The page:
crimefor example, kidnapping, tax evasion, or counterfeitinga federal court
has jurisdiction. Disputes regarding the
issues over which the Constitution gives
the federal government control, such as
patent rights or bankruptcy, also go to a
federal court.
Controversies Between States Disagreements between state governments are
resolved in federal courts. If Colorado and
California, for example, disagree over rights
to water in the Colorado River, it is a federal case.
Disputes Between Parties From
Different States Lawsuits between citizens of different states also come under the
federal courts. For example, Ms. Jones of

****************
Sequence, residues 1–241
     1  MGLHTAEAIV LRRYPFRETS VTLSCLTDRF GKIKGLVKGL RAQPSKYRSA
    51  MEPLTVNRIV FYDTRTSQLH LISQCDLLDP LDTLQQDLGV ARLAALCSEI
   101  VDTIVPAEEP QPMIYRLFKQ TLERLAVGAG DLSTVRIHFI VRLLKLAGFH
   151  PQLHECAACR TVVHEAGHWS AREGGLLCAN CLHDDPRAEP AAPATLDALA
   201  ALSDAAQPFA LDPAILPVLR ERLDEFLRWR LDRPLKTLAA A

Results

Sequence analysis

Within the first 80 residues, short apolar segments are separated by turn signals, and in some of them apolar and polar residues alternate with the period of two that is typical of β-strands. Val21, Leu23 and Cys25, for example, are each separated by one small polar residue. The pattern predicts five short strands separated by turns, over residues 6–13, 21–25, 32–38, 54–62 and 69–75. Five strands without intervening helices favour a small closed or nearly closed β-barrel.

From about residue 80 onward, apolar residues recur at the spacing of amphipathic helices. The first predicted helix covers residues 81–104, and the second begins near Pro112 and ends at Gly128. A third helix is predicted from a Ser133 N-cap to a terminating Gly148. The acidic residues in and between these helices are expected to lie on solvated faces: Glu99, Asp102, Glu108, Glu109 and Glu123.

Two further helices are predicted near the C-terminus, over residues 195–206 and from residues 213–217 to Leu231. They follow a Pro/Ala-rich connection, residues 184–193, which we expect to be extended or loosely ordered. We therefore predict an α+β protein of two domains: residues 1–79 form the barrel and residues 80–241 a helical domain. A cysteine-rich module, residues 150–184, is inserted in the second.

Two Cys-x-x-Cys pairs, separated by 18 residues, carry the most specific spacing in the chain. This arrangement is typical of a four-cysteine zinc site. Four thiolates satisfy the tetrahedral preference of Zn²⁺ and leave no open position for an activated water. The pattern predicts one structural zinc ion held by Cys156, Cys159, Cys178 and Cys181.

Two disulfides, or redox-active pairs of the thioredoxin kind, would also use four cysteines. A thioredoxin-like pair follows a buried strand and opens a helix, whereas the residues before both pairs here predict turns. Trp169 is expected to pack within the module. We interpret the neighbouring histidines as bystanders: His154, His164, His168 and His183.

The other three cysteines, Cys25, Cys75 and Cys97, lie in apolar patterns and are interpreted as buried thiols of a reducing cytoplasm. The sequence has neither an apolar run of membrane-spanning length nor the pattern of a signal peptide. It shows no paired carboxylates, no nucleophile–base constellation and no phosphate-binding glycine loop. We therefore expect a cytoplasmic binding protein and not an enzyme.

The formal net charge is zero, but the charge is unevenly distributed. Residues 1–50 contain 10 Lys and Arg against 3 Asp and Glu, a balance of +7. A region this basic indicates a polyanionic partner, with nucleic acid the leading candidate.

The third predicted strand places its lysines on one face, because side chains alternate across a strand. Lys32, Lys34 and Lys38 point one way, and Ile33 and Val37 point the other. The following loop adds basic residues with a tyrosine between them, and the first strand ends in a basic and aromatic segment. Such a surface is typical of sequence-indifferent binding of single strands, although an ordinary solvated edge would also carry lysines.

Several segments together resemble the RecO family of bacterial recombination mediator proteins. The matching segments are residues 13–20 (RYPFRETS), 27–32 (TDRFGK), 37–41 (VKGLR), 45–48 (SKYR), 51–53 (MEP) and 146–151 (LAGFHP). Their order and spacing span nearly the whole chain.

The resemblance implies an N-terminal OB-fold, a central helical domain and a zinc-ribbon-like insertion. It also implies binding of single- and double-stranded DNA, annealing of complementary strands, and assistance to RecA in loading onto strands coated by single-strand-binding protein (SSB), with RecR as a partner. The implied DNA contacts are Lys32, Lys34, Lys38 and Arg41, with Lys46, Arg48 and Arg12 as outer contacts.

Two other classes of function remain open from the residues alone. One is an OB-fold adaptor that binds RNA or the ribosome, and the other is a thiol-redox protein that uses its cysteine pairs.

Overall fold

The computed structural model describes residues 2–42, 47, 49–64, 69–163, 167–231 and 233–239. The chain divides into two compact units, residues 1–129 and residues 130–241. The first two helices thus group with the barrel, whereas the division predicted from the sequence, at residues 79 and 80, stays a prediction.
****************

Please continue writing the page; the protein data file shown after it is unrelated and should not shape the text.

Maine may bring suit in a federal court
against Mr. Smith of Iowa for not fulfilling
his part of a business agreement.
Suits Involving the Federal Government The U.S. government may sue
someone. For example, the Defense
Department might sue a company that
contracted to build missile parts but did
not complete the work on time. The suit
would be heard in a federal court. Also, private parties can sue the government. For
instance, if a mail truck hit you, you could
sue the U.S. Postal Service for damages; or
if the Department of Agriculture failed to
pay your company for equipment it
ordered, you could sue for your money.
Cases Involving Foreign Governments and Treaties Any dispute
between a foreign government and either
the U.S. government or an American private party is heard in a federal court. A
treaty case might involve a dispute over the
way the State Department interpreted a
trade agreement.
Reuters NewMedia Inc./CORBIS

Relation to State Courts

Bankruptcy is a legal proceeding in which
people or companies can be released from
all or most of their debts. Because the